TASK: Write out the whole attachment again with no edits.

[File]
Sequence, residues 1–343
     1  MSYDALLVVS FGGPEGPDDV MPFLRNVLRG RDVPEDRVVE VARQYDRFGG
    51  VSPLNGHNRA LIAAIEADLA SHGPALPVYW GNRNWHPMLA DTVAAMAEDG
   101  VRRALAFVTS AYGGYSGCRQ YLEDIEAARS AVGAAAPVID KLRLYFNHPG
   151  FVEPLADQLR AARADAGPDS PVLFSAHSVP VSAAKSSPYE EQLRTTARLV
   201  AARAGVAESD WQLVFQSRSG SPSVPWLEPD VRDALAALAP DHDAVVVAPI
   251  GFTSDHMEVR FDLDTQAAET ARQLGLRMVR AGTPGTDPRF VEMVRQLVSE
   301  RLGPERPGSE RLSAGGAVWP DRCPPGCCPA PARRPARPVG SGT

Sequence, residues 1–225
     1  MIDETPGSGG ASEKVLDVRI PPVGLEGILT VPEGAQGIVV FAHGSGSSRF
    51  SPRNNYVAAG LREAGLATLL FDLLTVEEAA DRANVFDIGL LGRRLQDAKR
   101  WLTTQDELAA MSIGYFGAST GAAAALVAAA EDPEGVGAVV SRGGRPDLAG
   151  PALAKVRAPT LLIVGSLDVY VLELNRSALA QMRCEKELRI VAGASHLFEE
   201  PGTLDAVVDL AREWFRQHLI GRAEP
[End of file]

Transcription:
Sequence, residues 1–343
     1  MSYDALLVVS FGGPEGPDDV MPFLRNVLRG RDVPEDRVVE VARQYDRFGG
    51  VSPLNGHNRA LIAAIEADLA SHGPALPVYW GNRNWHPMLA DTVAAMAEDG
   101  VRRALAFVTS AYGGYSGCRQ YLEDIEAARS AVGAAAPVID KLRLYFNHPG
   151  FVEPLADQLR AARADAGPDS PVLFSAHSVP VSAAKSSPYE EQLRTTARLV
   201  AARAGVAESD WQLVFQSRSG SPSVPWLEPD VRDALAALAP DHDAVVVAPI
   251  GFTSDHMEVR FDLDTQAAET ARQLGLRMVR AGTPGTDPRF VEMVRQLVSE
   301  RLGPERPGSE RLSAGGAVWP DRCPPGCCPA PARRPARPVG SGT

Sequence, residues 1–225
     1  MIDETPGSGG ASEKVLDVRI PPVGLEGILT VPEGAQGIVV FAHGSGSSRF
    51  SPRNNYVAAG LREAGLATLL FDLLTVEEAA DRANVFDIGL LGRRLQDAKR
   101  WLTTQDELAA MSIGYFGAST GAAAALVAAA EDPEGVGAVV SRGGRPDLAG
   151  PALAKVRAPT LLIVGSLDVY VLELNRSALA QMRCEKELRI VAGASHLFEE
   201  PGTLDAVVDL AREWFRQHLI GRAEP